Banned books poser

03 Jan 2018 / 08:04 H.

    A FRIEND rang me over a strange request. She said a book she bought some time ago has since then been banned. Declared an "undesirable publication" by the home minister. Now it is a crime to possess any banned book.
    What do I do with this book? – the evidence of the crime, she asked.
    My reaction: burn it in your garden. But then this could expose her to a charge under the law that prohibits open burning.
    She could set it alight on the stove. Oh no, she said, the house could incinerate as the flames devour its 247 pages; and the insurance company will repudiate the claim for this wilful arson.
    How about throwing the book in the recycle bin? But what if some passer-by retrieves it? He or she could be charged for possession of a banned book. And my friend is traced as the disposer of the book. She could then be charged as an accomplice. Under our law an accomplice faces the same punishment as the perpetrator.
    Hmm, perhaps the best recourse is to surrender it to the police. A good idea, at first blush. But what if the police question her (especially under their customary "investigation" remand) and find out that she had the book from after June 14 (when the ban order was made) until the date of the surrender of the book to the police? I don't think I'll advise her to risk that.
    Perhaps ask a lawyer to challenge the order. After all it is published by a group of high powered former civil servants and legal luminaries calling themselves G25 (with its membership growing steadily). And it is a collection of essays titled Breaking the Silence: Voices of Moderation. A tag line says it is about Islam in a constitutional democracy. It has a foreword by former prime minister Tun Abdullah Ahmad Badawi who expressed confidence of it engendering an informed and rational dialogue on the ways Islam is used as a source of public law and policy in a multiracial and multi-religious Malaysia.
    He even wished his "patriotic friends in G25 success in their noble cause in pursuit of a moderate and tolerant Islam with justice for all". How could he have got it so wrong to promote an "undesirable" book?
    I recall reading some chapters (mind you, before the ban – else I will be incriminating myself). They include articles by the likes of my erstwhile colleague Azmi Sharom on fundamental liberties, Zainah Anwar pursuing indefatigably her quest for justice and equality for women in Islam; and the prolific Chandra Muzaffar on principles of equality and justice in the Qurán.
    Heaps more of leading scholars and prominent members of civil society writing pointedly to debunk intellectually the thinking by bigots and extremists. Whatever one might think of them, the lucidity of their prose leaves little room to misinterpret their intent for a moderate Islam.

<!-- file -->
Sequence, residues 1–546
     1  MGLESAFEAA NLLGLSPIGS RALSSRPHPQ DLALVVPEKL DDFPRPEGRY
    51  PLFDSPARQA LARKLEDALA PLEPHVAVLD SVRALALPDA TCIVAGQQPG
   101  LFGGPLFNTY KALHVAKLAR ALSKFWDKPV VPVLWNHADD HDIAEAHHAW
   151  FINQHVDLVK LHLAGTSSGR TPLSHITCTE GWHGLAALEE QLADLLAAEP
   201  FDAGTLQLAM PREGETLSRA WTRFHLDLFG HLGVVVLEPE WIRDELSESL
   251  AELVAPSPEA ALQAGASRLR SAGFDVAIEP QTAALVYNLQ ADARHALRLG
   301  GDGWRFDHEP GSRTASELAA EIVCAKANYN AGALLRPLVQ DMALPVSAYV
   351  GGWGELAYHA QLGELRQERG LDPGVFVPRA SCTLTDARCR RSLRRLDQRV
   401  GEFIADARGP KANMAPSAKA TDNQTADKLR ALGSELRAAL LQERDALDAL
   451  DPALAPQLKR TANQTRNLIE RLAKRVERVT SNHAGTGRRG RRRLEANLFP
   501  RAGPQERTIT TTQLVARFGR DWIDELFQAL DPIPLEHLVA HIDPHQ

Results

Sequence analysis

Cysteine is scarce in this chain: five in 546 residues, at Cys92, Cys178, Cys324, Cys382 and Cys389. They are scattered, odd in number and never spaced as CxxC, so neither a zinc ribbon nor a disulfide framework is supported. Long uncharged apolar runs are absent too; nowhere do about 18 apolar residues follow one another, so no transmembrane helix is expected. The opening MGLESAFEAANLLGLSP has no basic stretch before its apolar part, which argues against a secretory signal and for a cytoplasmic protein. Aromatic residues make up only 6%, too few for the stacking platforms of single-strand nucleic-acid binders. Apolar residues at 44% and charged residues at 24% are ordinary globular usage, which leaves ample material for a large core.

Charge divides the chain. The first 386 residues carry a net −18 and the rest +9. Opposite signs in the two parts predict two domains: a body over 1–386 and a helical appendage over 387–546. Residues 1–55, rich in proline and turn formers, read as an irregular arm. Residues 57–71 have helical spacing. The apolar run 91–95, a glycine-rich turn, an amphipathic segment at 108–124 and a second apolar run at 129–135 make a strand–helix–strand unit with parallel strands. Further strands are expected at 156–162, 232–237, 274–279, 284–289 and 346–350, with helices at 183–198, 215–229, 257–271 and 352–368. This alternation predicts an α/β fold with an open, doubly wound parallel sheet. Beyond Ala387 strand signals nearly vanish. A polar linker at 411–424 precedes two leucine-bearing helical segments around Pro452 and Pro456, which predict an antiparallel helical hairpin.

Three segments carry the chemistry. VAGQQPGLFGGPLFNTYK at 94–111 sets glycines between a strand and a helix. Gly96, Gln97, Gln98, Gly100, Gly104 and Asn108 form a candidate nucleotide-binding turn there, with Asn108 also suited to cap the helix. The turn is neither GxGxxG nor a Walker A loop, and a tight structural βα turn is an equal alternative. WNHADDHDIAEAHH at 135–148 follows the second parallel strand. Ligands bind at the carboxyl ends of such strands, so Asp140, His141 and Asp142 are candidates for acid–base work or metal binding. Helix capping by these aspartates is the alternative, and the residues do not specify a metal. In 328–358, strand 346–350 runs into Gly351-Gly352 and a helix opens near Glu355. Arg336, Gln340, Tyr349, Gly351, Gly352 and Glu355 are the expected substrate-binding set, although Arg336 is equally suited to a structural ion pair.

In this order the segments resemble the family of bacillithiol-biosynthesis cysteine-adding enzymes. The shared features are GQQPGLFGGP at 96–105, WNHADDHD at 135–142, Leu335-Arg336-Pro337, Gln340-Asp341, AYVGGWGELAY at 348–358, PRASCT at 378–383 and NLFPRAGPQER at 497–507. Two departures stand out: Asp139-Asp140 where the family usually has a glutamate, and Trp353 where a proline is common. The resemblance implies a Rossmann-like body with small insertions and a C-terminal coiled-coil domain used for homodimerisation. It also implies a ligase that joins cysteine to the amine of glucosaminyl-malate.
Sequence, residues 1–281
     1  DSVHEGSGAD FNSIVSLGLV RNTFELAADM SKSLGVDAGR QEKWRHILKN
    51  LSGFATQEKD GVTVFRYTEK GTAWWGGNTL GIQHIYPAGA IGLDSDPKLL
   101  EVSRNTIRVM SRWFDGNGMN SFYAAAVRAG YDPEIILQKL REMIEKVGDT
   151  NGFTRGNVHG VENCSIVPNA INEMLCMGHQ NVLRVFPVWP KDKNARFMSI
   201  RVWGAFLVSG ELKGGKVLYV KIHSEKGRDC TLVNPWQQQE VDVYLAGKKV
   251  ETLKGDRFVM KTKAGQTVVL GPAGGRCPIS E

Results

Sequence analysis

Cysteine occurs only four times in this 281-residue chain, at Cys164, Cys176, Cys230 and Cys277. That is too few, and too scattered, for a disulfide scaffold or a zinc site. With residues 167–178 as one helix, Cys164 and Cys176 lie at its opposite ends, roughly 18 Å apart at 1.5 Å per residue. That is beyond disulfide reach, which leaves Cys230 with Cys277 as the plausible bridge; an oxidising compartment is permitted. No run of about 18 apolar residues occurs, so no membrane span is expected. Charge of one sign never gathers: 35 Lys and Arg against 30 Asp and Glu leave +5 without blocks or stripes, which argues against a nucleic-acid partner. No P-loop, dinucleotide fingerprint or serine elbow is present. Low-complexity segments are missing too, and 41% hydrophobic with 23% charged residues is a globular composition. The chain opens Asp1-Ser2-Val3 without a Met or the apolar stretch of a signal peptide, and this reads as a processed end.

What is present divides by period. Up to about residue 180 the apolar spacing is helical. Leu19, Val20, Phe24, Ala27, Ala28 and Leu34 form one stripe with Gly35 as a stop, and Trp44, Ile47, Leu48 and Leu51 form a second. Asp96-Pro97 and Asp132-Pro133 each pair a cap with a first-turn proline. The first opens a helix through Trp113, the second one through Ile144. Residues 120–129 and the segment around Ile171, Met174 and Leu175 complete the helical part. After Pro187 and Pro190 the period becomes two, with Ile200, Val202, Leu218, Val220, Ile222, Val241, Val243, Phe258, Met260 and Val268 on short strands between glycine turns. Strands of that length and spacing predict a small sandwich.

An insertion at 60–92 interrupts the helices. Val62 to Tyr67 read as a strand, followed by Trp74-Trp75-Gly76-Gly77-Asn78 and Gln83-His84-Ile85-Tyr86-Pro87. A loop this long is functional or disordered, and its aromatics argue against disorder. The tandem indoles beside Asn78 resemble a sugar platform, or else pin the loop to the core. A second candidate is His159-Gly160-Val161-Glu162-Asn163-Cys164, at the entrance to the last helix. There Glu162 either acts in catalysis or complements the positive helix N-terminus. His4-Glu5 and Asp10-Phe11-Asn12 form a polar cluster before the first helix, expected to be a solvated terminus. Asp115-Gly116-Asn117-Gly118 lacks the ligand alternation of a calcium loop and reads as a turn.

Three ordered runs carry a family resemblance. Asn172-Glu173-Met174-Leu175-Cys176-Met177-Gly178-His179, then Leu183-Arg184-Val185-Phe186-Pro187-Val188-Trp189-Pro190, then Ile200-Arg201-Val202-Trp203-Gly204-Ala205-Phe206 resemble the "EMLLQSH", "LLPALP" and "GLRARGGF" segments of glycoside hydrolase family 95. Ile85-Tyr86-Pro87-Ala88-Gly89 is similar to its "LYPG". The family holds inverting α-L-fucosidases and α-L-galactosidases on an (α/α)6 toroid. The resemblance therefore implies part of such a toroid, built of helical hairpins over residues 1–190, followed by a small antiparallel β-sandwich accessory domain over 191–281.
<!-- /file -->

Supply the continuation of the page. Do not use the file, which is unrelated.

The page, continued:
Returning to my idea of the court challenge. There are two possible approaches. First, a judicial review of the minister's ban made vide the Printing Presses and Publications (Control of Undesirable Publications) (No 12) Order 2017. This involves crossing two hurdles. One: get leave from the High Court to even raise the substantive issue. Incidentally, this was never a formidable obstacle. All we had to do a long time ago was to show that the matter was not frivolous. But the former attorney-general got his lawyers to oppose vigorously just about any grant of such leave.
    Two: the High Court hears arguments on the validity of the order made.
    Second, let them prosecute my friend (as if I had a choice!). I could then apply at the trial before the lower court for the constitutionality of the ban order to be referred to the Federal Court.
    The lower court will refer the application to the High Court – for it to decide whether the matter is worthy enough to be sent to the Federal Court. And finally, the Federal Court will have to rule on its constitutionality. If it decides in my friend's favour – great! But if it refuses, the matter will be sent back to the lower court for the prosecution to proceed. With an unpredictable outcome. Just writing about the process is tiring. Never mind the actual work involved in going through the multi-tiers of justice!
    A forceful inspiration. I heard there is an I-cloud. Could she possibly send the book up there somewhere? Yes, then she will not be in possession. No hard evidence, no prosecution. But what if Apple helps trace it to her?
    Maybe I will just advise that she makes her peace with the home minister!
    Gurdial, a former law professor at University Malaya, is in legal practice as a consultant. Comments:

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